There are four popular ways of drying flowers: Air drying, glycerine, moist drying and by using a desiccant. In the chart below we have listed the most usual treatment for each subject. They will probably also respond to other treatments. Also there are doubtless many other plants in our catalog which can be dried for their flowers or foliage which haven't been mentioned here.
Air drying is the simplest method, pick the flowers with as long a stem as possible when they are just fully out. Strip off the leaves and hang them upside down in bunches of 3-6 stems in a cool, dark, airy place until fully dry.
Glycerine is helpful in giving grasses a lovely silken sheen or to retain a plant's suppleness. Dilute I part glycerine in 2 parts hot (boiled) water, mix together well and stand the plant in a jar containing 2-3in of the mixture. Leave for 4-5 days until they change colour.
Leave on the plant until the flowers are fully mature then cut, remove all the foliage and stand in a jar containing 2in of water. Once this has been used up they should be left to dry naturally. If the petals show signs of withering once the water is used up then add a little more.
This method is useful for the more fleshy flowers which don't dry easily by any other method. Use a cardboard shoe box or similar and cover the bottom with 0.75in of desiccant (silica gel or similar). Place the flowers on this and work the desiccant carefully in among the petals until they are full covered and only the stem shows. For a first attempt it's best to start with daisy like flowers which should be placed face downwards on the desiccant. Seal the lid on the box with sellotape and place in a WARM, DRY place until dry. The time taken will depend on the size and texture of the flowers, but it usually takes around 2 weeks. Lift the flowers out with extreme care and brush off any surplus desiccant with a soft paint brush.
Leave the seed heads on the plant until fully ripe and bring in and air dry for several weeks. Gourds should be harvested when fully ripe, this can be seen by the fruit changing colour and becoming hard. Leave them on the vine a little longer if you are doubtful. Cut the gourd with a small piece of stem attached and bring in to room temperature to dry. After several weeks when fully dry they can be given a coat of clear varnish if required. Luffa Gourds turn brown and become lighter in weight at maturity, bring indoors, wash in a mild non-bleaching disinfectant and hang in a warm, dry, airy place. When ready you will be able to remove the dry outer skin. The inner fruit body must then be soaked in clean water for a few days to help remove the soft inner tissue and seeds and then dried and bleached in the sun or with Hydrogen Peroxide.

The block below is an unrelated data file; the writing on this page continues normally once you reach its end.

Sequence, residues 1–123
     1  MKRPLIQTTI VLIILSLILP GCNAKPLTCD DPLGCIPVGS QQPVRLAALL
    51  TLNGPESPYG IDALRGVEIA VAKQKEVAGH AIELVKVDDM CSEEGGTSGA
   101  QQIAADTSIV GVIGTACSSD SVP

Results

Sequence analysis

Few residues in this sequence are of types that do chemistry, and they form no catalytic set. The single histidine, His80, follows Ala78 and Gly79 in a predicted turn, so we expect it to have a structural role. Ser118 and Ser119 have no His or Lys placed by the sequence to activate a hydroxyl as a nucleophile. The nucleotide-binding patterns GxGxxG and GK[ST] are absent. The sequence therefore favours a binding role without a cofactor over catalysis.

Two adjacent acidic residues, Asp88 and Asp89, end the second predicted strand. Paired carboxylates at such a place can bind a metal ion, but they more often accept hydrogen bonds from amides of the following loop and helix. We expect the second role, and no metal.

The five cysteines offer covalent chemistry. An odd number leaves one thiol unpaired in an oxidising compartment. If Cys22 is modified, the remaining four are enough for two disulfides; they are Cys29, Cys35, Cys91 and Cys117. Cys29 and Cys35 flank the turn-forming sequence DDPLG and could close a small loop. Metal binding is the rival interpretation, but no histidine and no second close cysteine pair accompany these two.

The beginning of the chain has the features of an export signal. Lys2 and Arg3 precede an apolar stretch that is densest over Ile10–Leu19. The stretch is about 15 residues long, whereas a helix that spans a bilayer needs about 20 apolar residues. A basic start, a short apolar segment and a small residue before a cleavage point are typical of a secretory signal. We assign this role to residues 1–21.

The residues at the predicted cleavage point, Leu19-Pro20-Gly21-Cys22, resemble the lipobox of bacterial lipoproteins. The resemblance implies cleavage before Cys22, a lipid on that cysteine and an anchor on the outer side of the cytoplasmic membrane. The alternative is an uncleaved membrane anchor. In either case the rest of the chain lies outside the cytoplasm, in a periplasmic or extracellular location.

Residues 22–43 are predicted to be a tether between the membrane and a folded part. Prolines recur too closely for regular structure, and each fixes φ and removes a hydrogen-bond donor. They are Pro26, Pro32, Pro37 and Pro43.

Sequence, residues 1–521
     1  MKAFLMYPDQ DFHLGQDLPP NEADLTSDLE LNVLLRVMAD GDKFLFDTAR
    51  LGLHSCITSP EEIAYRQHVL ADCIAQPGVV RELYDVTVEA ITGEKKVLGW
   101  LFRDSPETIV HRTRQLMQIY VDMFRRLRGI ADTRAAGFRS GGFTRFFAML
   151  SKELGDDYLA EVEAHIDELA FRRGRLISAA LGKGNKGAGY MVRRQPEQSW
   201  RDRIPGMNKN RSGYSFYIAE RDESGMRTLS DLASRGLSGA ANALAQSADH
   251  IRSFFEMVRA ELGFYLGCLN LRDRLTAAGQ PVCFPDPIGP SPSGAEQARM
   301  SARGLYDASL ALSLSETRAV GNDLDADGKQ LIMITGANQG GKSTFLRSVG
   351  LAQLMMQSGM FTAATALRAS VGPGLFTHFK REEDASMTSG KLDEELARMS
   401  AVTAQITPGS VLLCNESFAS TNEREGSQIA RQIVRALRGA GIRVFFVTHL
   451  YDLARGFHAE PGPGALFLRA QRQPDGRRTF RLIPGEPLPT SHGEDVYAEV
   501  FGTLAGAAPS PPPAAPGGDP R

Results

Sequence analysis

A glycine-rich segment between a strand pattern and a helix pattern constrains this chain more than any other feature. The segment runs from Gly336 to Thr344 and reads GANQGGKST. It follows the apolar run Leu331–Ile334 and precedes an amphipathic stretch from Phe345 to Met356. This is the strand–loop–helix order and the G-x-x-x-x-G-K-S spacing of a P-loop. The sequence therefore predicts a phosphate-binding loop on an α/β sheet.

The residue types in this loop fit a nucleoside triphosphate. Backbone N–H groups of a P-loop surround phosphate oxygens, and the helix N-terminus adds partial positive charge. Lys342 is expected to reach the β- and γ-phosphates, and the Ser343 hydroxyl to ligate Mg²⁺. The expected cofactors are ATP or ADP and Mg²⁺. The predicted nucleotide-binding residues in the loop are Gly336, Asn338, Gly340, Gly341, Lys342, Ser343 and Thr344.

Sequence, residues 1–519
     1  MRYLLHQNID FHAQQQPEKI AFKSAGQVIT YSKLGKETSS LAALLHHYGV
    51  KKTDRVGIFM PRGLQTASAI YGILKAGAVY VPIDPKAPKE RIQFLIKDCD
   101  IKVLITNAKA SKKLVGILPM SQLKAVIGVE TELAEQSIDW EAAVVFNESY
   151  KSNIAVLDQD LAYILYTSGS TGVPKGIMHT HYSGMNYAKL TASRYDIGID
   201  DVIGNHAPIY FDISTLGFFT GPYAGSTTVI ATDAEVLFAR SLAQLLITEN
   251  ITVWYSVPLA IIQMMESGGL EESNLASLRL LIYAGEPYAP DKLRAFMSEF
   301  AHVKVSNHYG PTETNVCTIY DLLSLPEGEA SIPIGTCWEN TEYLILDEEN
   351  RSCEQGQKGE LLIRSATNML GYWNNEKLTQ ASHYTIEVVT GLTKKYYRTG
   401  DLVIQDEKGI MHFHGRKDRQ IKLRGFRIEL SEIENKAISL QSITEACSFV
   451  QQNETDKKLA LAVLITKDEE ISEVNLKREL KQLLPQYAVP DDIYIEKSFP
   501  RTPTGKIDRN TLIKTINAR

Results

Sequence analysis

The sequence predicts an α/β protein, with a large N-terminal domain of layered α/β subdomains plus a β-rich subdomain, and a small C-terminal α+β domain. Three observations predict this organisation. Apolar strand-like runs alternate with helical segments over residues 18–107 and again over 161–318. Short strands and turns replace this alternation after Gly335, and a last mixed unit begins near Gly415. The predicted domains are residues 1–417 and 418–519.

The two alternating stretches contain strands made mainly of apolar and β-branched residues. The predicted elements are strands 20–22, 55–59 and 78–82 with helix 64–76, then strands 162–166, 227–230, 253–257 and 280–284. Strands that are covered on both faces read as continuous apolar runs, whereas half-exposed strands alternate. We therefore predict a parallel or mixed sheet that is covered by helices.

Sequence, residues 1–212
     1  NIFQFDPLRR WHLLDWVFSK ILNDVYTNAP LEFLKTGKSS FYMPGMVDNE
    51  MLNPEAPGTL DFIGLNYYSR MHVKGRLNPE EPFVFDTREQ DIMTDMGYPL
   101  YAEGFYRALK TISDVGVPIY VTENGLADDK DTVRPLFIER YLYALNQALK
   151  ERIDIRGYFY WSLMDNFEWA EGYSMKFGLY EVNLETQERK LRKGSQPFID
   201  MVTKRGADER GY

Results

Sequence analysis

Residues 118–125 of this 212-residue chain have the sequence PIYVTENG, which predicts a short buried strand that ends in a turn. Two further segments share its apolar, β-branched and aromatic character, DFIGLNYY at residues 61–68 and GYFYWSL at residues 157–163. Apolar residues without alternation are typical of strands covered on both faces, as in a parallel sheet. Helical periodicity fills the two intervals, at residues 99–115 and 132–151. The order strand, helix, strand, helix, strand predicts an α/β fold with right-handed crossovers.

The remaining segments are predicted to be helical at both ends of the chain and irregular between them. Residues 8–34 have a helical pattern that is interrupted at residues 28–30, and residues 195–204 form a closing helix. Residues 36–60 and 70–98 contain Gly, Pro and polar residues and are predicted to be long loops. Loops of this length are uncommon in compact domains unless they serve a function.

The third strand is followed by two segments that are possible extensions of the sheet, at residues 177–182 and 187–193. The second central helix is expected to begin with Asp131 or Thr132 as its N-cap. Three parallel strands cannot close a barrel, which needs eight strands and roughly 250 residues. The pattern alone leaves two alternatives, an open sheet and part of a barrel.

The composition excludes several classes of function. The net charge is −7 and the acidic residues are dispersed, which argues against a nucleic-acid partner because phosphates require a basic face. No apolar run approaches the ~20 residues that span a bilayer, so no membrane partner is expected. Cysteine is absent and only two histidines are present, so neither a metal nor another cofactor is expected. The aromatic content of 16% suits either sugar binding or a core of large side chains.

|Alchemilla||HP||Air Drying or Glycerine or Moisture|
|Allium||HP||Dried Seed Head|
|Amaranthus||HHA||Air Drying or Glycerine or Moisture|
|Asclepias||HP||Dried Seed Head|
|Belarncanda||HP||Dried Seed Head|
|Cephalaria||HP||Dried Seed Head|
|C[or]taderia||HP||Air Drying or Glycerine|
|Digitalis||HB||Dried Seed Head|
|Dipsacus||HB||Dried Seed Head|
|Echinacea||HP||Dried Seed Head|
|Eryngium||HP||Air Drying or Desiccant|
|Glaucium||HB||Dried Seed Head|
|Gourds||HHA||Dried Seed Head|
|Iberis||HA||Dried Seed Head|
|Lavender||HSH||Dried Seed Head|
|Lunaria||HB||Dried Seed Head|
|Molucella||HHA||Air Drying or Desiccant or Glycerine|
|Nicandra||HA||Dried Seed Head|
|Nigella||HA||Dried Seed Head|
|Papaver||HA||Dried Seed Head|
|Physalis||HP||Dried Seed Head|
|Pulsatilla||HP||Dried Seed Head|
|Scabiosa (Drumstick)||HA||Air Drying|
|Verbascum||HP||Dried Seed Head|